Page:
Ah, it’s that time of year. The time when our thoughts turn to new beginnings, new goals, and …taxes! If you’re new to the business of writing, and if you’re trying to make the transition from hobby to business or from part-time to full-time writing, you’ll soon find–if you haven’t already–that there’s lots to learn when it comes to handling your business expenses and making the most out of your tax deductions. And, if you’re a veteran writer who’s been in business for a while, read on anyway…you might just pick up some helpful nuggets, or perhaps you can add your own two cents worth to help others. I’d love to hear about any deductions I may’ve missed. (I’m sure there’ll be some, as this is the short list!)
Before launching into specific deductions, I want to encourage any freelance writer to be sure to always keep your business expenses and revenues separated (preferably in a separate bank account) from your personal expenses and revenues. Not only does it make the accounting work much easier in the long run, but it will help you to better gauge on a regular basis how your business is doing.
Also, keep in mind that the IRS is seriously cracking down on small businesses and sole proprietorships right now (let’s face it, they need the money!), so they are looking for any reason you give them to come and audit you. Don’t give them any. Keep detailed records of every transaction, or hire someone who can do that for you. It could save you big down the road.
As mentioned, this is the short list of possible deductions if you are a freelance writer, working as a 1099:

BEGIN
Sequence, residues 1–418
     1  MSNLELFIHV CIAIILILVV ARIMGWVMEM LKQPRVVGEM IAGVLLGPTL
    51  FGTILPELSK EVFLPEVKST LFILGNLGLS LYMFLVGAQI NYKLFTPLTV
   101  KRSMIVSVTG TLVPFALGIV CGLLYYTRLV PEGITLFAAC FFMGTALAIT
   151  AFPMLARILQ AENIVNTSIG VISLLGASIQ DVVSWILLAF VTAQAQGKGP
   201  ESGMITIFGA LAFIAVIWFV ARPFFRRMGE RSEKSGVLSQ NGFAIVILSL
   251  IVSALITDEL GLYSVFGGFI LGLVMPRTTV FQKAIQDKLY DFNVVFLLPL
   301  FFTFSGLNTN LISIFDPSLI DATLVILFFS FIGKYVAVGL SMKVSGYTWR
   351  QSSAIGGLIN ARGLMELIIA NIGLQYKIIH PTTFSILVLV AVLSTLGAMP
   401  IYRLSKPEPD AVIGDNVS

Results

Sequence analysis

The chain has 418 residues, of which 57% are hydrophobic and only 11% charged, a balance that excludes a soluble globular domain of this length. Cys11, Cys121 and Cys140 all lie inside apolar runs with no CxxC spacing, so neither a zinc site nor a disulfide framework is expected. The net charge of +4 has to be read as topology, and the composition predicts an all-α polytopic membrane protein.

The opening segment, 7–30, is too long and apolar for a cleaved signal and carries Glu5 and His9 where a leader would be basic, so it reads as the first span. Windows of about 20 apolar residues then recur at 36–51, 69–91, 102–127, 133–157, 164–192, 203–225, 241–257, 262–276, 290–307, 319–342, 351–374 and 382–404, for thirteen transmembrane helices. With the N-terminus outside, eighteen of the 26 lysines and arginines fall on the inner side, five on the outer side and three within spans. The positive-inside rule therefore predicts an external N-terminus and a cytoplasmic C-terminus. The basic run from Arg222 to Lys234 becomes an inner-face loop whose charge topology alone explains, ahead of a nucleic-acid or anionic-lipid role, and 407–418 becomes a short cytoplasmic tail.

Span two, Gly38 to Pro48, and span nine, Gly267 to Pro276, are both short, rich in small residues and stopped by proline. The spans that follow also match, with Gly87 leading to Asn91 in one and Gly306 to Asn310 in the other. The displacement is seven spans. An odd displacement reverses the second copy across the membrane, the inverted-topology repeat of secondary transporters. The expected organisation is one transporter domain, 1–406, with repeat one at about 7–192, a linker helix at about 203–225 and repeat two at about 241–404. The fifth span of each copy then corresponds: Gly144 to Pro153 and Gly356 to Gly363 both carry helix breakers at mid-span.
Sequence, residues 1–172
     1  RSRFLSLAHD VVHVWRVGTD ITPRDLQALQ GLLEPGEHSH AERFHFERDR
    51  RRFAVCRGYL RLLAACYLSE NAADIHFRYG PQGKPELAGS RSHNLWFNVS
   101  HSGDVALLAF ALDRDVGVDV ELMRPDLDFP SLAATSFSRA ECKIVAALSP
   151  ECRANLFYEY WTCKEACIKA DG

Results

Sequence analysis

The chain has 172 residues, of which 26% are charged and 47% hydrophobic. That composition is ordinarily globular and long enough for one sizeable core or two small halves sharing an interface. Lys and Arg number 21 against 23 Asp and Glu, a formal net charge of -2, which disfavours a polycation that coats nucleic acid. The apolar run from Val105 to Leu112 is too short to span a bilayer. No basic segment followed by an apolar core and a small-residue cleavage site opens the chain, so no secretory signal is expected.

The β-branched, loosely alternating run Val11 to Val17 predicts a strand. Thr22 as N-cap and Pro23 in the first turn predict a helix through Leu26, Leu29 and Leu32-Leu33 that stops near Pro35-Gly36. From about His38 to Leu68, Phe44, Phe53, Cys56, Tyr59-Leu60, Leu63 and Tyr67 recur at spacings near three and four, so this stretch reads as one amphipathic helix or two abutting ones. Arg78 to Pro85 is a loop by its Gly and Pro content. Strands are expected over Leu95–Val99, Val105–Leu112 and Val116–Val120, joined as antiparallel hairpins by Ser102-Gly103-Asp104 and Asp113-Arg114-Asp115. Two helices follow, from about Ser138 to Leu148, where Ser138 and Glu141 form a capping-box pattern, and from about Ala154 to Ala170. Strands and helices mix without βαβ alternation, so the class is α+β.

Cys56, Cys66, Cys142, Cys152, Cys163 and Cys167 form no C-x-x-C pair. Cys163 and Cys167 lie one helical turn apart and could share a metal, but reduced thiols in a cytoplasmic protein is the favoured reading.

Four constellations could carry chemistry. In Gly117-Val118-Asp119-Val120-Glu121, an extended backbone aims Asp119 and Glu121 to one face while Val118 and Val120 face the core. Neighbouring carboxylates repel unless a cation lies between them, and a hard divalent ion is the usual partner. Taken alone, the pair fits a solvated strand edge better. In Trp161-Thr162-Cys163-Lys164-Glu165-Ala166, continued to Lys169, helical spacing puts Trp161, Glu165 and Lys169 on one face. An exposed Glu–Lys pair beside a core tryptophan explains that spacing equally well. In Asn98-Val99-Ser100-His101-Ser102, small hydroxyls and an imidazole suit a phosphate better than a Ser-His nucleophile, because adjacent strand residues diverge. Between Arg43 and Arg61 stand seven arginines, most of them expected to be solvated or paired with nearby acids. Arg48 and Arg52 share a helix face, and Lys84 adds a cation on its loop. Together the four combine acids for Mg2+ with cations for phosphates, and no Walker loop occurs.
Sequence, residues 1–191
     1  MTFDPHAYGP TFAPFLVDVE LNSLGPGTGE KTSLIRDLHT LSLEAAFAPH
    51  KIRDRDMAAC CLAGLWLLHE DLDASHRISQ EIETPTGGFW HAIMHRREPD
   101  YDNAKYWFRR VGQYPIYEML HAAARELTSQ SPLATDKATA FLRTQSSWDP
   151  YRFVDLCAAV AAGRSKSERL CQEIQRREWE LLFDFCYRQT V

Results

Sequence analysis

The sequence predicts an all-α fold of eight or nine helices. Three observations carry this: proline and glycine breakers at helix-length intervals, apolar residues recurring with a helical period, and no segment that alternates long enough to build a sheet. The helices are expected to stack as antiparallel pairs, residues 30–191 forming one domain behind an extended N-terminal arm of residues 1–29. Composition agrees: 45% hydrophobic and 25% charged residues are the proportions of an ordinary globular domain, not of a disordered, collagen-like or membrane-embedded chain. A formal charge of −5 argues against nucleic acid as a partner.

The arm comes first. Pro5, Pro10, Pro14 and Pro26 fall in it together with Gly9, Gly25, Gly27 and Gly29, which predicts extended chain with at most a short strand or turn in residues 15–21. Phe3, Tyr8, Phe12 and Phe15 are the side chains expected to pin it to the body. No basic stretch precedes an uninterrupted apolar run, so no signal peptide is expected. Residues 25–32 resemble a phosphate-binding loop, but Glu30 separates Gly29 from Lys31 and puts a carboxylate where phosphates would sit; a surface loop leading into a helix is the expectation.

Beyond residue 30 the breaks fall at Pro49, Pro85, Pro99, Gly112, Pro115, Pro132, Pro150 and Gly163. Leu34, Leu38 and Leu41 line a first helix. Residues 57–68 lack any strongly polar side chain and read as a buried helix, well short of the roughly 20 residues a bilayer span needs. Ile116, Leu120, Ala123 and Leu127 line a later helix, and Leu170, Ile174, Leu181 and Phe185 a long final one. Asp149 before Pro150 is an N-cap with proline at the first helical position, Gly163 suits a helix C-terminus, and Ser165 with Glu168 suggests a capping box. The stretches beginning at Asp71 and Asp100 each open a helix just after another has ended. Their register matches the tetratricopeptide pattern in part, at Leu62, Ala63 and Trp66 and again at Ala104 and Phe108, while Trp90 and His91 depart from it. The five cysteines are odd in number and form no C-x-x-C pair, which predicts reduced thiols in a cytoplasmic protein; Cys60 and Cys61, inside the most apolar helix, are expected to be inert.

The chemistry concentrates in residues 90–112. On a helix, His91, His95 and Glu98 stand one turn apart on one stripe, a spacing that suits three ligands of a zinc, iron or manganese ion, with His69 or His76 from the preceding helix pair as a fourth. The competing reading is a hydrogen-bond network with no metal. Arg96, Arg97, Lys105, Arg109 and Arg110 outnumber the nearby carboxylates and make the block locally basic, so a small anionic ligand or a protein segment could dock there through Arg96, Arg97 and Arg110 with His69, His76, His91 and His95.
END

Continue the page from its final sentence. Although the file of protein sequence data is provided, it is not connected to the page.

~ Office space: You are allowed to deduct a portion of your mortgage expense (equal to the percentage of space your office occupies in your home) for your office. The only caveat here is that your office must be a dedicated space. So, if your office also functions as your family’s TV room, or you share the space with your kitchen, then you can’t deduct it.
~ Office supplies: From paper clips to computers, any and all office supplies that you need for your business are fully deductible. Hold onto all of your receipts! Those paper clip expenses add up over the course of a year!
~ Mileage: Anytime you have to travel to meet with clients, publishers, to go to writers’ conferences or workshops, to conduct research at the library, or even to purchase those supplies I just mentioned, keep track of your mileage. It is also deductible. Purchase a mileage log and keep it in your car. You’ll use it more than you think.
~ Entertainment: If you engage in working lunches with co-authors or editors, if you take an editor out to dinner as a thank-you for all his hard work on your book, or even if you use a round of golf to pitch an editor on your latest book (Of course, you may lose your editor in the process if you spend 18 holes pitching her!), these are all legitimate business, and therefore, deductible expenses. Keep all of your receipts, and write the purpose for the event on the receipt so you don’t forget. And, don’t go overboard with these, or red flags will fly with Uncle Sam.
~ Conferences/Workshops: All expenses associated with going to writers’ conferences, seminars, workshops, or other events used to further your career or business are considered deductible: meals to and from and while you’re there, travel to and from, rental car expenses, lodging, etc.
~ Educational materials: Anytime you purchase books or CDs on writing (or something similar), reference materials, subscriptions to online databases, magazines, or anything else you need to conduct your business and aid in your writing is deductible.
One more thing to note is that the IRS makes a distinction between a hobby and a business. If you’re writing is not profitable after a certain period of time (the last I checked it was three years, but this may’ve changed), it is considered a hobby not a business and you will not be able to use your deductions. Once it does become profitable, however, you may start deducting again.